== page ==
From the creators of “Complete Works of Shakespeare (abridged),” Reed Martin and Austin Tichenor, comes the three-person farce “The Complete History of Comedy (abridged).”
“What’s beautiful and playful about this piece is how much of it is the bit of keeping multiple plates spinning at the same time,” explains veteran physical actor Dan Renkin, who will be joined by Liz Davis and G. Richard Ames in the Lost Nation Theater production, May 30-June 16 at Montpelier City Hall Arts Center.
“At any given moment, either all three of us are in motion, or if two people are having a relatively calm two-hander scene, the third person is running screamingly to get to the next place for the next scene,” Renkin said in an interview between rehearsals.
In this 90-minute, fast-paced comedy, the setup is that a famous Chinese manuscript written by the brother of “The Art of War” writer Sun Tsu, called “The Art of Comedy” — by Ah Tsu, get it? — has been uncovered in a trunk, though it is missing its final chapter. Exploring this history, and trying to figure out its final chapter, becomes the quest.
Along the way are the characters in commedia del arte, including use of an actual slapstick, definitions of various “takes,” burlesque silliness, visual comedy of various kinds, and recurring gags. There are sendups of medieval Catholicism, modern politics, and even an homage to Chekhov.
“I love that we’re paying homage to all these different clowns and comedians and comedy sketches,” explained Kathleen Keenan, Lost Nation’s producing artistic director, who is directing.
“There is a joy in quick-change comedies that I find irresistible,” she said. “There’s such great permission to celebrate the art, to not hide the artifice of the art, and celebrate the craft of what we do and how we do it — to find those surprises and let people in on the secret.”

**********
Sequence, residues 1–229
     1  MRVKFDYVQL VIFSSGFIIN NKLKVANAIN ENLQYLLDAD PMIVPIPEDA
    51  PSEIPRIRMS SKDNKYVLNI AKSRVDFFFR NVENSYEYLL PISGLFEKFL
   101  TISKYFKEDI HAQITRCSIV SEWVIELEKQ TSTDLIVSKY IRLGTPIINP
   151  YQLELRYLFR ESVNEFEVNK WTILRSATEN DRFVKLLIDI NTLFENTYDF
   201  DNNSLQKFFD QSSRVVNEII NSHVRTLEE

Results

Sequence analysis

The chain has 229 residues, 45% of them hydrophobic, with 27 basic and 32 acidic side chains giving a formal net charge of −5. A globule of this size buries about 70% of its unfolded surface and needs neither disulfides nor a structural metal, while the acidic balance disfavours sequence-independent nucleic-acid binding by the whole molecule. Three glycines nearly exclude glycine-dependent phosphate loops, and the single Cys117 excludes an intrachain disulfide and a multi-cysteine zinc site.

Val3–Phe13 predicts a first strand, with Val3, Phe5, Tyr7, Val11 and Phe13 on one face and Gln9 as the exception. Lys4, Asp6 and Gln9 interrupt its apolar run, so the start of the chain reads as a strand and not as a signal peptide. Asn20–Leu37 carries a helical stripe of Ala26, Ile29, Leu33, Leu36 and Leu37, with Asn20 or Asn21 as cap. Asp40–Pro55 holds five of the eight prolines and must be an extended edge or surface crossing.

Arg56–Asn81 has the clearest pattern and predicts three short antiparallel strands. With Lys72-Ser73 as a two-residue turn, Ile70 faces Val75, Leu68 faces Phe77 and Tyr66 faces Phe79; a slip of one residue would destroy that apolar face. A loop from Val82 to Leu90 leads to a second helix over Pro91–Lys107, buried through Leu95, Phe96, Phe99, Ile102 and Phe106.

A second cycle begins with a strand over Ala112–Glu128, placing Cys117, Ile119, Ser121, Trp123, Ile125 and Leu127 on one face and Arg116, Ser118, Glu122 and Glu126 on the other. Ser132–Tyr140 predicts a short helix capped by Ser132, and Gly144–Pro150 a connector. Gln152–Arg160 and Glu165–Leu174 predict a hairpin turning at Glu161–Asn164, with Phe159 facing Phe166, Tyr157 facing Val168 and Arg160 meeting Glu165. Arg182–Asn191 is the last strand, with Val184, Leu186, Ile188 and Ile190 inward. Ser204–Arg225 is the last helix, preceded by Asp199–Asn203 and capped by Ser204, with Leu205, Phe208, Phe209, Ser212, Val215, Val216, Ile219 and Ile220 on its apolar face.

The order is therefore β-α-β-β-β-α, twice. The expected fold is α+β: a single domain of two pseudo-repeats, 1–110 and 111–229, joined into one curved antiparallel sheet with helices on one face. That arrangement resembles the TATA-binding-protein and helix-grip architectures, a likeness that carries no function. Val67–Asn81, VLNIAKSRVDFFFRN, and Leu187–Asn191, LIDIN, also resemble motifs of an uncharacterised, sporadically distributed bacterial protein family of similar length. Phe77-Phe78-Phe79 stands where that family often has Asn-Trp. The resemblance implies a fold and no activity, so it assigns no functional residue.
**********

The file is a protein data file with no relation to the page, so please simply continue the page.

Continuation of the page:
But making it work isn’t so easy.
“The challenge though is to get in, get the laugh and get out — and get the laugh to amuse but not to offend,” Ames, another Lost Nation veteran, said, amending, “offending but not offending so much that they don’t come back.”
“As I was reading it, I was laughing out loud — and I’m laughing twice as much in rehearsal just because of what my fellow actors and director are having us do. I’ve never been part of a cast this size,” added Liz Davis, the newcomer and, at 20, by far the youngest member of the cast.
“There’s a lot of stuff I’m learning, because I don’t always know the context,” she said, adding, “I’ve definitely never had this many lines before.”
“It’s not because it’s the first time we’ve had this many lines, it’s this many lines with this many physical things simultaneously going on,” Renkin said. “It’s just madness.”
And that physicality is a huge part of the show, so much so that renowned mime and clown Rob Mermin and choreographer Taryn Noelle were brought onto the production team. And Renkin, himself, is a respected stage combat instructor.
“I was never a sports person,” he said. “That’s why I fled into the arts. But this feels (like) a game of quidditch. It’s as close (as) I will get to, ‘Great, I’m on a skilled team, and we’re going to go out there and start this event and somehow win through.’ It is demanding, but it has an aspiration to it. There’s joy in achieving the bar.”
Renkin has been staging much of the show’s physical action.
“In this case, I’m mainly staging me getting hit,” he said.
“Conversely,” Ames said with a laugh, “when I read the script, I was looking at our roles, and I saw that Dan took most of the hits.”
In order for the lines and physicality to be addressed, there was a more basic issue to be confronted.
“We barely knew each other when we started — and we’re going to get intimate,” Ames said. “I’m sort of flirtatious with every gender, and dogs too — in a platonic way.”
“Getting comfortable quickly so that you can inform the show so much more” was the challenge for Davis. “The joy of it for me is how much I get to be on stage with both of them and learn.”
“Of course, it’s an incredible joy for me to be in a room with these people who have so many ideas,” Keenan said, “which, of course, becomes part of the challenge, harnessing those ideas.”
As they say, laughter is the best medicine.
“Laughter in a theatrical setting is a great opportunity for shared humanity and to remind ourselves — I raise my hand up high — to not take ourselves too seriously,” Keenan said.